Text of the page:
As the season of mists and mellow fruitfulness gives way to winter there are far fewer leaves on the trees. It’s time to go and fish them out of the pond and make the most of the warm autumn weather before it really does get cold out there. We may have had the first frosts but it takes a little longer for ponds to cool. Indoors, it’s always tropical...


  • Keep up control measures to contain and remove falling leaves to prevent algae issues next season
  • Remove any growths of blanket weed and duckweed, for the same reasons as leaf litter and to avoid any decomposition robbing ice-sealed ponds of oxygen. Excess growth of oxygenating plants can also be removed and placed on the compost heap.
  • If you haven’t removed this already, cut back any dead plant material and consign it to the compost heap along with any blanketweed and duckweed growth. To provide overwintering sites for ladybirds and other beneficial insects, avoid cutting back dense rush and sedge growth until early spring. It might seem cold now but time spent removing dead plant material this year will be saved removing blanketweed or dealing with green water next summer.
  • It’s a great time to plan a new water feature and if you break the soil in time you’ll get things done for spring.
  • Consider a preventative treatment for parasites or any lesions whilst temperatures remain high enough for medications to be effective. Many fish losses in early spring are due to the rigours of winter and it’s often too late to fix these issues when they become apparent.
  • Towards the end of the month, raise pumps from the bottom of the pond to restrict turnover and ensure some undisturbed water at the deepest point of the pool where fishes can rest. Before winter tightens its grip there will be a bit more hardware maintenance to carry out next month.
  • Make sure you use a low temperature fish food. Fish will struggle to digest summer foods in cold water and this can lead to digestive problems. In some cases, undigested food will breakdown in the gut and cause bloating and buoyancy issues as spring comes.
  • With the prospect of cold nights ahead, consider buying a pond heater to keep an area ice free as these all require a source of power and some forethought.
  • Put fresh water out for wildlife. As things get cold, water is as vital as food for the wild neighbours who know your pond is a dependable place to visit. In cold weather, birds need their plumage to be in top condition and small mammals will be interrupting sleep for brief spells foraging.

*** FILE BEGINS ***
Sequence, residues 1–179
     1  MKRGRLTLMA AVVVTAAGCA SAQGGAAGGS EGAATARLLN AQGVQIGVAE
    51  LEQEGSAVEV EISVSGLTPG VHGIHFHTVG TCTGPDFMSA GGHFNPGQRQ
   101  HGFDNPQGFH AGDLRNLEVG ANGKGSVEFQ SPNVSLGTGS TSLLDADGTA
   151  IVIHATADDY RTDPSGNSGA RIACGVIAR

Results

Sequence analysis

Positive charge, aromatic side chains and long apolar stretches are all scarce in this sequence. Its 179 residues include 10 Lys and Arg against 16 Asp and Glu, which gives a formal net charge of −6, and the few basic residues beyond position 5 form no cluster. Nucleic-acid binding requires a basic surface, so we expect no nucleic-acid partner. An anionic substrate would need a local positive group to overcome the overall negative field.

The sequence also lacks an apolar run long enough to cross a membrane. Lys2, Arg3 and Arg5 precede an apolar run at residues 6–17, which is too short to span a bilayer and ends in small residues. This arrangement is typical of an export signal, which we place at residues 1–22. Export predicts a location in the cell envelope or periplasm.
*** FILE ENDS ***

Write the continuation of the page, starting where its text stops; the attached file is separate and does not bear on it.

• Transport your fishes and invertebrates home properly. Spare a thought for how much of a shock it can be taking a tropical creature home in a clear plastic bag; upgrade your pets to first class with a Maidenhead transport bag or ask the staff if they’ll sell you a polystyrene box. If you’re in part of the country with controls on carrier bag use, don’t forget to bring a bag or be prepared to pay a few pence for a carrier – taking tropical fish outside with no insulation or shading is not giving your new pets the start they deserve!
  • Prepare for the holiday season. If you’re an aquarium owner a few things can happen in the next couple of months. Aside from dropping obvious hints about a bigger tank or a new filter, consider stepping up your maintenance regime to accommodate weekends away. Holiday and auto-feeders can help, as can a well-trained friend or neighbour with access to the odd emergency spare part or heater!
  • A fish is for life – if you’re planning an aquarium as a gift, consider it now as a new tank is unsuitable for new fish and it’ll be you that has to live with disappointed loved ones. No amount of pleading will change the fact that things need a bit of time to mature before the ‘big day’. Adding maturation agents such as Microbe Lift Nite Out 2 will help get things started in the right direction.
  • We often see rare and expensive fish, but every species is special with its own tale to tell. Take a bit of time to find out about the ancestral home of your favourite fish and see if you can alter anything to make it feel more at home. Most fishes are captive-bred and many forms don’t exist in the wild. We’ve all got wild relatives somewhere and generations of captive breeding doesn’t mean that it won’t make your pets feel more at ease.
  • With dark evenings comes the opportunity to spend time reviewing your aquarium and problem solving. What would you change? Algae issues? Snail problems? Take a look at our website for pointers on a range of subjects.
  • Leaves can be a great item of decor for achieving that forest pool look. Collect and soak oak and beech leaves from clean sources or alternatively consider the dependable, packaged version in the form of Indian almond leaves. Many familiar fish thrive when given this little slice of habitat and some dwarf cichlids and catfish are real leaf-litter specialists